Stumbling Blocks: Roman Poems by Karl Kirchwey is a collection of poetry centering on Rome. Kirchwey received a BA from Yale College and an MA from Columbia University. Rich with mythical and historical allusion, Kirchwey’s formally assured verse explores themes of loss and origin.
This is a rather mixed collection with many works written as prose rather than poetry. The lines between prose and poetry can be blurry at times but most prose poems express imagery and a lyrical sense. Several of the poems in this collection could easily pass for prose or even informal conversation rather than poetry. The collection opens strong with “Thought Experiment.” Caesar’s last breath of air is still circulating around the earth. In fact, a molecule of that last breath may be in your lungs right now. “Janiculum Passage”, although very much written in prose, captures some of the imagery of Rome. The title poem is also present and explains itself in a historical sense.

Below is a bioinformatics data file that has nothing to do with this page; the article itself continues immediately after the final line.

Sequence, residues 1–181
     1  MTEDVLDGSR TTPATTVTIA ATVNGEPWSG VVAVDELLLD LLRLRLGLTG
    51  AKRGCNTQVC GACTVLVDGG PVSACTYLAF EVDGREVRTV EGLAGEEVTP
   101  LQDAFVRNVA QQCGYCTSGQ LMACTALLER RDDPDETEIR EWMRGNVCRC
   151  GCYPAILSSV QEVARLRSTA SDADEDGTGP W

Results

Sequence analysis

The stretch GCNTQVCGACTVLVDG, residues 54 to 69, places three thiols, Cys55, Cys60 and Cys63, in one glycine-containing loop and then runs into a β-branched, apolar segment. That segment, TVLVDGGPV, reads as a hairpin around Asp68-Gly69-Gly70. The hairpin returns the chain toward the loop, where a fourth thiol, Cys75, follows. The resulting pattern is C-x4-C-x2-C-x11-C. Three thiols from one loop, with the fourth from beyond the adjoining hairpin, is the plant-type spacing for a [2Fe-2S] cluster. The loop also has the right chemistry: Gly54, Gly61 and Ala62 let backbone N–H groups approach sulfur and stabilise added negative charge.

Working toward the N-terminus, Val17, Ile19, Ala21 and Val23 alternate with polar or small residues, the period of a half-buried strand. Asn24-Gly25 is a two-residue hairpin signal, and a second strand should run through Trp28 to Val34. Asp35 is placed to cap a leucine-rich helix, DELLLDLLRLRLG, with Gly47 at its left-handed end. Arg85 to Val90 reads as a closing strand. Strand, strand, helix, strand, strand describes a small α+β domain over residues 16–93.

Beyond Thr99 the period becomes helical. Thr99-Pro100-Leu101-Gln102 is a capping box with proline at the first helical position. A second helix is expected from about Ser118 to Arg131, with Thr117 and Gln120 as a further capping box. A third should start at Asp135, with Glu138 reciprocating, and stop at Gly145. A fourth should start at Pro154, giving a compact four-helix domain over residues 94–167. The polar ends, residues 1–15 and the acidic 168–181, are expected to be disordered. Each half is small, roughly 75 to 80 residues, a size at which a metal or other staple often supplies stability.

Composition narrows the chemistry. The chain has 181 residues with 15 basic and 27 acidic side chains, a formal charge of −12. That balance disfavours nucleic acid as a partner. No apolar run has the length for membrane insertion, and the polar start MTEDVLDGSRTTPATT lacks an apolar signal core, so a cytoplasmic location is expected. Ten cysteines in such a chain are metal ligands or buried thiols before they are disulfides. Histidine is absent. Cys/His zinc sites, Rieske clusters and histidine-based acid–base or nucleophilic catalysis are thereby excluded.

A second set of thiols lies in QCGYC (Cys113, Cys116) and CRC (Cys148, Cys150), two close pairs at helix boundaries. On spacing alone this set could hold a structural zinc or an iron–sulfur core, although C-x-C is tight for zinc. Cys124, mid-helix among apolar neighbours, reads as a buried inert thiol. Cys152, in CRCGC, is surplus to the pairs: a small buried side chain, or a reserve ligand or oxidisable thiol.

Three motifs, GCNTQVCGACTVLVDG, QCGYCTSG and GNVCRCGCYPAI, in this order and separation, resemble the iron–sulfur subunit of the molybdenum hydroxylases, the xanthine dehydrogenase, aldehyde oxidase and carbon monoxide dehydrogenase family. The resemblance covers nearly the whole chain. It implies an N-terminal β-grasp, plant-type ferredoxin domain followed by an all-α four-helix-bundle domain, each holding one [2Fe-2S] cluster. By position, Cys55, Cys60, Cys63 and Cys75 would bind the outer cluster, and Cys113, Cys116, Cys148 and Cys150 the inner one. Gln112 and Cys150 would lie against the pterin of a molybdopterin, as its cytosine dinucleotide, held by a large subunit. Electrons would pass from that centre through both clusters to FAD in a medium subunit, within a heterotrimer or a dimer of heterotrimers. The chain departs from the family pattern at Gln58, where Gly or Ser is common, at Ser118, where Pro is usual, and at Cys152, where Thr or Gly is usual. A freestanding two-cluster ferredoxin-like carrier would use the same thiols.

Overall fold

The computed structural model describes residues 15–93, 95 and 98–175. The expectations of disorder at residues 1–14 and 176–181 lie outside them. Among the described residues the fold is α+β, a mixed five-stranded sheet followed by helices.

The collection is hard to classify. It is interesting in its history and descriptions of Rome. I came away feeling that I learned a bit about Rome, ancient to the present. I can’t say that I will remember this as poetry or as an informal history or cultural lesson.
One response to “Book Review — Stumbling Blocks: Roman Poems”
I like it 😊